SRI LANKA: Call for Inquiry Commission to Probe into Security Issues relating to the Assassination of Judge Ambepitiya

The assassination of the High Court Judge Sarath Ambepitiya took place on the 19th of November. To date, no one has owned up to the responsibility for the failure to provide security to the Judge, who held senior position in the judiciary. In any democracy or in any country that respects the rule of law, persons would have resigned or been made to resign as a result of such a failure of security. However, there hasn’t even been a serious probe into this failure and no one has come forward to tender an apology for this grave failure that resulted in an act of great brutality.

The public needs to know who was at fault for failing to provide security for this High Court Judge. Who, within the police system was in charge of providing security for judges in general and for this High Court Judge in particular? Who in the judiciary coordinates and supervises police measures for the protection of judges? Is there a regular control mechanism at all? 

From the discussion that is being reported in newspapers it is not possible to find any clear answer to these questions. After the event, it is now said that a Superintendent of Police will be placed in charge of the security of judges. The question then is who has been responsible for this task up until now. Only the Inspector General of Police (IGP) and the police hierarchy can answer this question. Were the arrangements purely ad hoc without any direct responsibility being placed on any one officer? If this was the case, then the tragic death of the judge is hardly a surprise.

What, if any, has been the practice in the past for providing security for judges? Are there any circulars or guidelines? Are there any headquarters’ orders or any written instructions at all?

More importantly, is there a memorandum of understanding between the judiciary and the police on the matter of providing security for judicial officers? Have there been negotiations on these matters between the two branches and are there minutes and notes of such discussions? Are these expressions of concern by the judiciary just ad hoc and only expressed on the occasion of serious lapses, such as in the case of the killing of Judge Ambepitiya? Over the years, when there have been occasions of tension, what type of understanding has been developed by way of guidelines and the like? Are there any files containing the nature of discussions into these matters?

At the political level, responsibility rests both with the Ministry of Justice and the Ministry of Public Security, Law and Order. What discussions have there been on this matter in the past between these ministries and what guidelines were arrived at? Or, have there been no such discussions and arrangements?

If the promises given after the death of Judge Ambepitiya are to be taken seriously by anyone at all, it is time for a public inquiry to be conducted by a Commission tasked with looking into all these matters. The Commission should preferably consist of senior judges, and they should be given a mandate to question any person at any level of any authority and also to seek the views of the public. A Commission of this nature should be able to produce its findings and recommendations quite rapidly.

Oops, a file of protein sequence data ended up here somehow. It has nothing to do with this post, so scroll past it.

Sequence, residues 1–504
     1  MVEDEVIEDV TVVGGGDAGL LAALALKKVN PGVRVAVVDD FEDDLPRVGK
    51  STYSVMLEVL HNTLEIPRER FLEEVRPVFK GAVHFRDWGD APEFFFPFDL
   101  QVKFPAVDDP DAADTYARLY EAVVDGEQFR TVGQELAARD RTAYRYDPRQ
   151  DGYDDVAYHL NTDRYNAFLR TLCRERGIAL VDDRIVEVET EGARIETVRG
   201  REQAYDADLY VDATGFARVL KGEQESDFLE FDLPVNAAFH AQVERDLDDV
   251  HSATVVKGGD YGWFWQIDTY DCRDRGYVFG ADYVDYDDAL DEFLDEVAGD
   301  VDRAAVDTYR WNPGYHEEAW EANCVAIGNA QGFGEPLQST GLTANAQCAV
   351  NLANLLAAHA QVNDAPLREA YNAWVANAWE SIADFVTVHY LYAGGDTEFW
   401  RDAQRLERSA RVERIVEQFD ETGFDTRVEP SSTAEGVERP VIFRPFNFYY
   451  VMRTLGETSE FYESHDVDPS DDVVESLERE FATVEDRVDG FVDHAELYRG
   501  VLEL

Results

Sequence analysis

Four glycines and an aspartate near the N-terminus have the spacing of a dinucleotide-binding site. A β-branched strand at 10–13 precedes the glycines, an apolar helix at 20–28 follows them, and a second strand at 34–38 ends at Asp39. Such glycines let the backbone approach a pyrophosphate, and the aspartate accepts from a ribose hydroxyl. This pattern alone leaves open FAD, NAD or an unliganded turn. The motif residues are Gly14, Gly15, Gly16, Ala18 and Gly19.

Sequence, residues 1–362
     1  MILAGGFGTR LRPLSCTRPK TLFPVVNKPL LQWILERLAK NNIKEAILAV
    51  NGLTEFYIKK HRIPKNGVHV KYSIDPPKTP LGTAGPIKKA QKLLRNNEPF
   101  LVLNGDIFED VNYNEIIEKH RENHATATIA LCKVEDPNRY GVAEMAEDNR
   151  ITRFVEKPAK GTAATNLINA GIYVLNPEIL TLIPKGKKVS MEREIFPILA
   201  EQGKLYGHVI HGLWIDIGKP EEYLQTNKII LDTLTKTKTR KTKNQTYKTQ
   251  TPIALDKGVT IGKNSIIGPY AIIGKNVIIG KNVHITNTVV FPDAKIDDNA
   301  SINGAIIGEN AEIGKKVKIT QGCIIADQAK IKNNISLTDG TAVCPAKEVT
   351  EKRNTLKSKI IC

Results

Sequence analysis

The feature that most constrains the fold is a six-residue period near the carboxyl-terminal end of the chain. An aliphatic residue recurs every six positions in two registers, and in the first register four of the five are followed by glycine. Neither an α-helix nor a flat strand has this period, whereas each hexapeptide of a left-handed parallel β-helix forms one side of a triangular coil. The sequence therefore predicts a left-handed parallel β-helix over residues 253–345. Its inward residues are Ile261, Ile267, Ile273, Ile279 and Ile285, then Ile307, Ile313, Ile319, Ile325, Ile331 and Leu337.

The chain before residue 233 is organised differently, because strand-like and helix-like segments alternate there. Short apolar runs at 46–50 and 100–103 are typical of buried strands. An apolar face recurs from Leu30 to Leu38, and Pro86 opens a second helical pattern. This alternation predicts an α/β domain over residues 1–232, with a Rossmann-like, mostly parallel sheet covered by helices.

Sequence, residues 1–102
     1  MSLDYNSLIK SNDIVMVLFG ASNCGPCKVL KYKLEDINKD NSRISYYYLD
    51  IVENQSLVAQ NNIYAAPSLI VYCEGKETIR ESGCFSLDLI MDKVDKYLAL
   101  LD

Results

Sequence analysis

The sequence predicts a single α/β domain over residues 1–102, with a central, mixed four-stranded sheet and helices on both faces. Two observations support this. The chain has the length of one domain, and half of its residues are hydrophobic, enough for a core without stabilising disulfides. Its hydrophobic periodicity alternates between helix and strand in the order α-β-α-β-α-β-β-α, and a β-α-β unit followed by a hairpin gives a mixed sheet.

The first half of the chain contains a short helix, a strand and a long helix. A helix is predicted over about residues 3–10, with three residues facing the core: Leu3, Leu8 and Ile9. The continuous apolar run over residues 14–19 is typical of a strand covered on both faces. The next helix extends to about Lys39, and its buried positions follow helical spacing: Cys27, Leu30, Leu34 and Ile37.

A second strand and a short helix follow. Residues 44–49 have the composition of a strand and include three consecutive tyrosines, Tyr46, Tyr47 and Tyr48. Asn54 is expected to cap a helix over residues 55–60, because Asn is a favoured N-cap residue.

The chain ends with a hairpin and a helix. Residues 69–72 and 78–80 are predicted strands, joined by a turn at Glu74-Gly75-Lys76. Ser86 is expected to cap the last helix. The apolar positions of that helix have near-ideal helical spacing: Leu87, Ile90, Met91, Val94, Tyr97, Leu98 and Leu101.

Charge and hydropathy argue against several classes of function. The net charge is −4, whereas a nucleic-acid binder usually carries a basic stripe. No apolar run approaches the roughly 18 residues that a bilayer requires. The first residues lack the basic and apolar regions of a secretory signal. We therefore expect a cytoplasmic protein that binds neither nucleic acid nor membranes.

It is quite obvious that the deadlock existing on the issues that arose due to the killing of Judge Ambepitiya could be dealt with only by way of such a public Commission. We urge the government of Sri Lanka, the parliamentary opposition of Sri Lanka, the President, Prime Minister and the leader of the opposition in particular to take the initiative to appoint a Commission and launch a public inquiry into this matter.

We call upon all civil society organisations in Sri Lanka who have been expressing concern over the killing of this judge and the deteriorating situation of the rule of law in the country, to press for the appointment of such a Commission that has an adequate mandate and the necessary resources as soon as possible. We also call upon the Human Rights Commission of Sri Lanka to play an active role in this regard. It is not possible for the Human Rights Commission to perform its mandate of promoting and protecting human rights unless the very serious problems arising from the death of the judge are discussed publicly and are resolved.

As important as the killing of the judge are the attacks on complainants and witnesses who are coming before courts. These attacks are being launched in order to prevent them from giving evidence. The example of Mr. Gerald Perera, who died on November 24th, 2004, as a result of having been shot while he was awaiting the opportunity to give evidence in a trial under the prevention of torture act (Act No 22/1994), is one of the many examples of attempts to paralyze the judicial process by way of assassinations, violence and intimidation. A Commission probing into the affairs of the security of the judiciary will also have to deal with the problems of witness protection, about which much is spoken and nothing is done. All of these considerations would require a high level Commission, consisting mostly of judges, to probe into these matters and to make recommendations for an effective programme for the protection of judges to be set up as soon as possible.

Document Type : Statement
Document ID : AS-56-2004
Countries : Sri Lanka,
Issues : Administration of justice, Judicial system, Police negligence, Rule of law, Torture,